Copy
Is Canada a global leader in safe, sustainable
and trusted food? 


This question was the theme of the Arrell Food Summit, and we have been asking ourselves and our colleagues this question a lot lately. 

The stories featured in this newsletter explore topics where Canada could excel globally to elevate its reputation as a place known for its food. There are many opportunities for Canada to take centre stage, including building from Canada's 2020 Food Brand Project that lays out a pathway forward, tapping into emerging types of 'novel' food production, and entering international high-value markets. Now it's up to us to decide what to do with these opportunities.

- Evan Fraser, Director of Arrell Food Institute 
What We Are Reading 

Final Report from the Canada 2020 Food Brand Project
People, Metrics, Policy 

Countries around the world are striving to be a place that consumers trust when they read the 'product of country label', knowing that it is safe and produced sustainably. 

The Canada 2020 Food Brand Labs were co-sponsored by Arrell Food Institute and Arrell Scholar, Andrew Nixon was among the participants who collectively emphasized that Canada’s food reputation should be a strategic priority. However, action is needed from agri-food stakeholders to decide if this a step worth taking and how and who should be leading the way.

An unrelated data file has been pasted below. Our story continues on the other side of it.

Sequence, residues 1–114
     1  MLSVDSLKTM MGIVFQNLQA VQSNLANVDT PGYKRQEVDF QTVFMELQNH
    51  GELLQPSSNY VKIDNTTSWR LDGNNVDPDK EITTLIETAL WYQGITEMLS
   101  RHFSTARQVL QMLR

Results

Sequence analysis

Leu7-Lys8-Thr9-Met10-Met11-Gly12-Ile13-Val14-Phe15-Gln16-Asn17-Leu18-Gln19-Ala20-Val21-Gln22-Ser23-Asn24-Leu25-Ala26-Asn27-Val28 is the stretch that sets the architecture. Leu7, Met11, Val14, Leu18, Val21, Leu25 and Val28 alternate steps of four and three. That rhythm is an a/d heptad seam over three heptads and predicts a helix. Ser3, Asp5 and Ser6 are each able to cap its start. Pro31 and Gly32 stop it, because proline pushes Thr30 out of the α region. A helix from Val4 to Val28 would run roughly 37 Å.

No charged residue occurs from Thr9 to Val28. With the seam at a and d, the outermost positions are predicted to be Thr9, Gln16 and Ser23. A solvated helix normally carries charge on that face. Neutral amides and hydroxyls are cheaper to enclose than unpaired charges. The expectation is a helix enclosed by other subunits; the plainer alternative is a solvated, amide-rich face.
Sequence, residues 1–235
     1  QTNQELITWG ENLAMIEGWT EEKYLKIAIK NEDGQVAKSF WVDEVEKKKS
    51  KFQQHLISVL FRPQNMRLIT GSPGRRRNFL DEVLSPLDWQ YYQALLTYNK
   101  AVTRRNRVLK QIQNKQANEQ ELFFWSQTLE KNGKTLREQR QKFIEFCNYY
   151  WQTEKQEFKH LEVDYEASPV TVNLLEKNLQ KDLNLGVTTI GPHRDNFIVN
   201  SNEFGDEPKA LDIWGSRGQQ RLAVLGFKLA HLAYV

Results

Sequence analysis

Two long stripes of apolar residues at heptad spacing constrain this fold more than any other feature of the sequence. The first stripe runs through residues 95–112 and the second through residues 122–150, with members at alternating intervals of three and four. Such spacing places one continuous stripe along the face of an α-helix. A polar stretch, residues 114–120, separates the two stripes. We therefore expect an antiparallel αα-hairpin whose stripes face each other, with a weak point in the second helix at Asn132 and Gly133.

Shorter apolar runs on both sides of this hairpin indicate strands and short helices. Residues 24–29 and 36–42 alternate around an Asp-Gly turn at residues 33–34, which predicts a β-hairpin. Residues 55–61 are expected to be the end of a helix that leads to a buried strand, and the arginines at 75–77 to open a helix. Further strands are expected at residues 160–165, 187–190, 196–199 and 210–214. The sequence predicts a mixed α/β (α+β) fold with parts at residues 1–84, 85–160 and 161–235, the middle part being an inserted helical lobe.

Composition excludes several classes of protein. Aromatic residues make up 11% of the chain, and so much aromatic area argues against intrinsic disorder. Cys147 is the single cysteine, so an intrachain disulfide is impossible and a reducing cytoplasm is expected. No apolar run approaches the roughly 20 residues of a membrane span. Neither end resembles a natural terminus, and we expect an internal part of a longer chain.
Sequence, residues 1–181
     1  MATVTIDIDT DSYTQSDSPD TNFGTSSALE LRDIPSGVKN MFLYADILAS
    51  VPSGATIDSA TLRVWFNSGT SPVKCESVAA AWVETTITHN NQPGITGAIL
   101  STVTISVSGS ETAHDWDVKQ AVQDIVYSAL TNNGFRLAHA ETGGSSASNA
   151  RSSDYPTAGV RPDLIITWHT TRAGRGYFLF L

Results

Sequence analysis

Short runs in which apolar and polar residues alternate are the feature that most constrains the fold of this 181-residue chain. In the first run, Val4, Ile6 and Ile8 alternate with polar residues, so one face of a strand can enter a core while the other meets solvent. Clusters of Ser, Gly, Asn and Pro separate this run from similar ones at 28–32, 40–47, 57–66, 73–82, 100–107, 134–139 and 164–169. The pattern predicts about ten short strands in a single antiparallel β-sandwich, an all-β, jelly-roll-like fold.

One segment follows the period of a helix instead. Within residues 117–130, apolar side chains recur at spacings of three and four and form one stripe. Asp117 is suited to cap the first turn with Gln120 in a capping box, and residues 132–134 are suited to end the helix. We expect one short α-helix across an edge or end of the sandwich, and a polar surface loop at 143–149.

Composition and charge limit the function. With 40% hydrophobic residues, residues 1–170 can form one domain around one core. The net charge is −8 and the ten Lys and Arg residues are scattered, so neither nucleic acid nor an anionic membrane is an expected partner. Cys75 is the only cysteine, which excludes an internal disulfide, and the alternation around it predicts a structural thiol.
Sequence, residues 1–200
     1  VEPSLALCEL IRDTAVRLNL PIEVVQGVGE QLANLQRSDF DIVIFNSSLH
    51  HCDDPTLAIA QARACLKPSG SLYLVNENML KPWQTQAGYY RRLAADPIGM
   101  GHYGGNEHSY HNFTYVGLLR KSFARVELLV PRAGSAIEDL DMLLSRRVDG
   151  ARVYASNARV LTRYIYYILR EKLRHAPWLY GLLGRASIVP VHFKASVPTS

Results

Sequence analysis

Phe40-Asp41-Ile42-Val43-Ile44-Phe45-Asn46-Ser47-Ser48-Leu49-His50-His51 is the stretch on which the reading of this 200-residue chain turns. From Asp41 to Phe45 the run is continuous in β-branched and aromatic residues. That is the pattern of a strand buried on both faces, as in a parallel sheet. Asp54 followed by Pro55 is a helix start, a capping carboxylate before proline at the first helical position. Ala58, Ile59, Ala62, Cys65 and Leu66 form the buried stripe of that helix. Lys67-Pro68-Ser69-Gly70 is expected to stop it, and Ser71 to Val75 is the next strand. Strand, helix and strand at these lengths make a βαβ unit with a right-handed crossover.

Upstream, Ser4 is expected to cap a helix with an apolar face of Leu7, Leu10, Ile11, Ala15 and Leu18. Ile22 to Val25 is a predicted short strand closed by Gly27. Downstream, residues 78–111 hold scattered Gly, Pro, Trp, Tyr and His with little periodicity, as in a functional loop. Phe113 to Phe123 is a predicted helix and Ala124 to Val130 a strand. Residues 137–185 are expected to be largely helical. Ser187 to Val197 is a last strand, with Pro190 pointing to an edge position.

What do you think are Canada's next steps?
Could Canada be the next leader in 'novel' foods? 

Novel foods: those without a history of consumption in a region. 

Researchers at the Arrell Food Institute, including Evan Fraser and Lisa Ashton are exploring solutions to make the future of food production more sustainable. Some of these solutions include exploring the production of novel foods, including seaweed and insects. But, when looking at these solutions, it is critical to evaluate and weigh their trade-offs and benefits.

Keep reading!
What's Next? 

We asked Arrell Chair, Simon Somogyi what he sees as important emerging topics in Canada's agri-food sector. He pointed to what other countries are doing to tap into international markets.

Canada has a national goal to increase food exports to $85 billion by 2025. But, Somogyi suggests that this is unlikely to happen by exporting greater volumes of low value commodities, like we currently do.

Right now, Canada has very few global food brands. Competing countries are showing us that branded, high-value, market-focused food products will be the key to expanding Canada’s agri-food export growth, especially in expanding South Asian markets.
Global Excellence in Food Innovation and Community Impact
Nominations are now open for the $100,000 CAD Arrell Global Food Innovation Awards
Deadline: February 28th, 2020
Tomorrow's Agri-Food Leaders
Apply now for $50,000/year graduate scholarship

Deadline to submit a completed application for admission to a University of Guelph graduate program is February 21, 2020
Deadline to submit all completed components of the scholarship application is March 2, 2020
The 'A Bite' Archives
Not interested in receiving this newsletter? That's ok. Just send us a note at afiadmin@uoguelph.ca
Facebook
Twitter
https://www.instagram.com/arrellfoodinstitute/
Website
Email






This email was sent to <<Email Address>>
why did I get this?    unsubscribe from this list    update subscription preferences
Arrell Food Institute at the University of Guelph · 50 Stone Road East · Guelph, Ontario (CAN) N1G 2W1 · Canada

Email Marketing Powered by Mailchimp